The Thorn in the Heart a Thorn in the Side

03/17/2010 9:58 AM |

8 Frenchmen Cant Be Wrong!

  • 8 Frenchmen Can’t Be Wrong!

Michel Gondry’s last few films have concerned communities engaged in creation, from Block Party’s Bed Stuy hip-hop hootenanny to Be Kind Rewind’s inner-city indie cinema. In his latest, the non-fiction The Thorn in the Heart (L’Épine dans le Coeur), playing as part of the Rendezvous with French Cinema series, he finds yet another to document. But this time, the community’s creation is the community itself: it’s his family. And, they’re making a movie together.

Gondry’s doc centers on his aunt, Suzette, a septuagenarian in good health and spirits, and follows as she and others revisit the events (figuratively) and locales (literally) from her life, like the countryside écoles where she once taught, many now reduced to rubble. (Those serve as visual demonstrations of the passage of time and the fragility of the material—that is, they’re poignant.) Her life includes minor intersections with French history—Algerian immigrants!—and Gondry tells her story with characteristic whimsy: shots of HO-scale trains to suggest geographic movement; tongue-in-cheek recreations of minor comedic moments that the camera missed; playful experiments with children and special effects; and precious soundtracking.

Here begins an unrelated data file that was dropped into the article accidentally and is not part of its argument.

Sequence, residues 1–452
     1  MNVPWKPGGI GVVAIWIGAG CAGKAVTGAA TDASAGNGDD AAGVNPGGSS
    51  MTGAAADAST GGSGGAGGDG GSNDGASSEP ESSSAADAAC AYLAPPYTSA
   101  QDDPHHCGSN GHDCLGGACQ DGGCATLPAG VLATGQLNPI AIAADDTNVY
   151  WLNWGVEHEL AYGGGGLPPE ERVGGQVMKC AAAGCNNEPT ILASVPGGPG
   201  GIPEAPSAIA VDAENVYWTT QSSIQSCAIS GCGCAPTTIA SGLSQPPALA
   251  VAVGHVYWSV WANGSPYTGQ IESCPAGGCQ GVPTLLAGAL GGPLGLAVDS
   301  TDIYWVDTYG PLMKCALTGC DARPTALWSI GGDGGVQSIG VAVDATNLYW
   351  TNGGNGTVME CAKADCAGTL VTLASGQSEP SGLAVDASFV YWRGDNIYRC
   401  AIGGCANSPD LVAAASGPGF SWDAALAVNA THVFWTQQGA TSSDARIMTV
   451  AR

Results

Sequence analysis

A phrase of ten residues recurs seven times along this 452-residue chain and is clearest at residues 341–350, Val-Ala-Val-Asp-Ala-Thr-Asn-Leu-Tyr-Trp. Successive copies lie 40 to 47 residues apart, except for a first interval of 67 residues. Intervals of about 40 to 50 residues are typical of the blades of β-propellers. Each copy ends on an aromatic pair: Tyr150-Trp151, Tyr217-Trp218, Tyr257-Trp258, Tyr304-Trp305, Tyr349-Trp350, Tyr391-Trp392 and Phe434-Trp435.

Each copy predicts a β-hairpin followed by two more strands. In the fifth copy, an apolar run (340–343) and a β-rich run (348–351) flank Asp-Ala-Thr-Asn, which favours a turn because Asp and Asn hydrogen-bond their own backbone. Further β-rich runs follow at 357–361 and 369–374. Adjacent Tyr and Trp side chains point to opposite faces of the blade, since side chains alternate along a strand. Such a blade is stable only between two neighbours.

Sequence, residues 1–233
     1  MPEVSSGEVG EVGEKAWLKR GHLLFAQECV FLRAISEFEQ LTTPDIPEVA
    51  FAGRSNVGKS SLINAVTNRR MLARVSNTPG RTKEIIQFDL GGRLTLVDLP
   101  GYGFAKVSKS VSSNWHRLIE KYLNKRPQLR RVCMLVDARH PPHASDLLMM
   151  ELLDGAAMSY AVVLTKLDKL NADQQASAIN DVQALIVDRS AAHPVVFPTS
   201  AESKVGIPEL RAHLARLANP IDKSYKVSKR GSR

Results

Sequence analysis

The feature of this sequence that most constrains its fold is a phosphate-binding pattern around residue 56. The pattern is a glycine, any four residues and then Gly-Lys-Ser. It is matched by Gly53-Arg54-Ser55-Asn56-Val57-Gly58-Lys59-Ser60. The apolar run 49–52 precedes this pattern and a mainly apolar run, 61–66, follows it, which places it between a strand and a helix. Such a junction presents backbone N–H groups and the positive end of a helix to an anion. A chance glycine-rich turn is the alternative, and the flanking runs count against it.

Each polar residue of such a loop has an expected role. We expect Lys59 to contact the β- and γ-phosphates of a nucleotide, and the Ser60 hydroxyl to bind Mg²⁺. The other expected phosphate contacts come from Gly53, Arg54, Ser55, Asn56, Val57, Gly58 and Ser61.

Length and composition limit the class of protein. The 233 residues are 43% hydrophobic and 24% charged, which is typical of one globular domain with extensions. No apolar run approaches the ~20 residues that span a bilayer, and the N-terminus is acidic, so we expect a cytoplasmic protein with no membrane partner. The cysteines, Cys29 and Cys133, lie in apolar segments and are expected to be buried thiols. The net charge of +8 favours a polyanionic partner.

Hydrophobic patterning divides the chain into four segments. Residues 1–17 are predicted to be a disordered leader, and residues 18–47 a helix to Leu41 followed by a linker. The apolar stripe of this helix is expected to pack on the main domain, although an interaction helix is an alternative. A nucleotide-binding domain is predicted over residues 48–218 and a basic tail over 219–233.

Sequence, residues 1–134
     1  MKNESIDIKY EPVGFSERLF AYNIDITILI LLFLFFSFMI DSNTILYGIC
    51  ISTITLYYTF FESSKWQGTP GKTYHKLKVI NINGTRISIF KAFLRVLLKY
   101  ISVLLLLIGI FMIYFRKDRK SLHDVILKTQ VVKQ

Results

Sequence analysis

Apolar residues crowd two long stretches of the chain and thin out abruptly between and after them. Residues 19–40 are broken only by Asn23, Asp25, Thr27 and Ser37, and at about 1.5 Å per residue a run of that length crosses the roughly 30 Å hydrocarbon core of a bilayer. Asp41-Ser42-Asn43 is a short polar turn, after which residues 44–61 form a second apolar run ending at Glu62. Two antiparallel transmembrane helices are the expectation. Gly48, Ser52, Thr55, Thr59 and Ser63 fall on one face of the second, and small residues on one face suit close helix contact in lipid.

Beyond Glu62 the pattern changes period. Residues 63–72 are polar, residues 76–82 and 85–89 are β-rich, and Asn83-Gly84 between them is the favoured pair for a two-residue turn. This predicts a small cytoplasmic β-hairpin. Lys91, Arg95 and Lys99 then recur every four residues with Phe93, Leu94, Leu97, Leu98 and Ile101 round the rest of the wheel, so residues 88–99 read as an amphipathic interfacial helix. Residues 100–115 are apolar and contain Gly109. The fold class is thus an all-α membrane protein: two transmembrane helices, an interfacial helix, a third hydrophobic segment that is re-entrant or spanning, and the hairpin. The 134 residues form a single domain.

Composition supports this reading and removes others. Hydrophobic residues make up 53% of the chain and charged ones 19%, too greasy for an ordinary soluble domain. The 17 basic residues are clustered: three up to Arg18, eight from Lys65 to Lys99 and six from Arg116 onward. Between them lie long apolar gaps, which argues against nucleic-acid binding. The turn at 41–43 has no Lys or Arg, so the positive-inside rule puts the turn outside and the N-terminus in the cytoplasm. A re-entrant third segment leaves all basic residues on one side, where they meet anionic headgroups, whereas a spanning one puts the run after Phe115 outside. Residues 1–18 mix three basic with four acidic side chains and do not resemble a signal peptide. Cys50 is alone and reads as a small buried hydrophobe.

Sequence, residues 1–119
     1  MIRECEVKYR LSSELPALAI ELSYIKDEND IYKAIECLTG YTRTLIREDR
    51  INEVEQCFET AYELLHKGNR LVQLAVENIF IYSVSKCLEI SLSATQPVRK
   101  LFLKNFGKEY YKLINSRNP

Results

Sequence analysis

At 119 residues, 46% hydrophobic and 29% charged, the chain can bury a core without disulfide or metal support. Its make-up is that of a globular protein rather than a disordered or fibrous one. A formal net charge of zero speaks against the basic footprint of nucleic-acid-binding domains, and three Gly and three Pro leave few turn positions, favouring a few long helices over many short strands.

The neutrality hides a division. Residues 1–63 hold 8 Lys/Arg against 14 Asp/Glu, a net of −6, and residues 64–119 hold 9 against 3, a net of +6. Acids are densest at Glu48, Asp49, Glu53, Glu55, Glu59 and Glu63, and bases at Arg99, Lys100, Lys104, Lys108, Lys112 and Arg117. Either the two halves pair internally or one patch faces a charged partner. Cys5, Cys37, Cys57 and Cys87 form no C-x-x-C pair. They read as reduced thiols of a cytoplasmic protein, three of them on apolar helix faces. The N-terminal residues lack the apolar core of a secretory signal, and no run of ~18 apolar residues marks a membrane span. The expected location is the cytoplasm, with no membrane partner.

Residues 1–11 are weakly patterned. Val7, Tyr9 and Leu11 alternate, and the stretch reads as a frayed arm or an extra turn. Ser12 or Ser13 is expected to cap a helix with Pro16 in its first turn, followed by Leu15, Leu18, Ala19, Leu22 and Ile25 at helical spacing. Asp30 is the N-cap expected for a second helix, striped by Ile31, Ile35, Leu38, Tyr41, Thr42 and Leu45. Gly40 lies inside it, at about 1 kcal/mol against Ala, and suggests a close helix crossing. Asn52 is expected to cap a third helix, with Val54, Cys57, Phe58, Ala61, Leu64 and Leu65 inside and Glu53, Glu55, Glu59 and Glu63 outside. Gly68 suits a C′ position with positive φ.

Former students recall Suzette fondly; her gay son, Jean-Yves, offers a slight counternarrative, gently rebutting the grandness of the mythology created around her. Most “My Family” docs, like Must Read After My Death or the recent Phyllis and Harold purport to uncover disturbingly dark Family Secrets, which turn out to be neither exceptional nor particularly interesting. The Thorn in the Heart, at least, has the decency not to pretend that this story is unique or earth shattering; even homosexuality is treated more with a shrug than a gasp. It’s simply a love-letter from a nephew, inoffensive and somewhat pleasant, even when exploring the family’s less than rosy moments.

Still, that doesn’t mean it isn’t also tiresomely self-indulgent—pointless, slight, and digressive (it includes a sojourn to New York City that amounts to nothing), though anchored by a charming, revealing and not particularly self-aggrandizing heroine. If she were my aunt, I’d probably want to make a nice movie about her, too. I’m just not sure if I’d release it to the world. Near the end of the movie, Gondry screens the (near-)finished product for the family and films their lachrymose reactions. Presumably, it was the film’s first screening. Maybe it should have been its last, too.

The Thorn in The Heart screens tonight at 9:30 p.m. at the IFC Center.